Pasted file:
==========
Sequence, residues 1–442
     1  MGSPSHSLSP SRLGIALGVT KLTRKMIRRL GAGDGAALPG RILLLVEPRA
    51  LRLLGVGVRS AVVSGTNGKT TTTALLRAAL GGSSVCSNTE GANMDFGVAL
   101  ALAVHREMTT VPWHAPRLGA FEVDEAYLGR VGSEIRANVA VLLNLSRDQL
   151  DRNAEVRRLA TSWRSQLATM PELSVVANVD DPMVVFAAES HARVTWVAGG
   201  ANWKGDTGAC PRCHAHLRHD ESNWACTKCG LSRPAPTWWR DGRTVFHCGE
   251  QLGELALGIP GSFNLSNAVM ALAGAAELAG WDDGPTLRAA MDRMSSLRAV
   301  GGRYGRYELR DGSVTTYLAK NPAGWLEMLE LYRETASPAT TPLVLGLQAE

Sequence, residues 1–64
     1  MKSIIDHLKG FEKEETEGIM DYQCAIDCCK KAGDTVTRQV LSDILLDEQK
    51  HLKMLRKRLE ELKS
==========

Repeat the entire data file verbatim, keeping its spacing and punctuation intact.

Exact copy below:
Sequence, residues 1–442
     1  MGSPSHSLSP SRLGIALGVT KLTRKMIRRL GAGDGAALPG RILLLVEPRA
    51  LRLLGVGVRS AVVSGTNGKT TTTALLRAAL GGSSVCSNTE GANMDFGVAL
   101  ALAVHREMTT VPWHAPRLGA FEVDEAYLGR VGSEIRANVA VLLNLSRDQL
   151  DRNAEVRRLA TSWRSQLATM PELSVVANVD DPMVVFAAES HARVTWVAGG
   201  ANWKGDTGAC PRCHAHLRHD ESNWACTKCG LSRPAPTWWR DGRTVFHCGE
   251  QLGELALGIP GSFNLSNAVM ALAGAAELAG WDDGPTLRAA MDRMSSLRAV
   301  GGRYGRYELR DGSVTTYLAK NPAGWLEMLE LYRETASPAT TPLVLGLQAE

Sequence, residues 1–64
     1  MKSIIDHLKG FEKEETEGIM DYQCAIDCCK KAGDTVTRQV LSDILLDEQK
    51  HLKMLRKRLE ELKS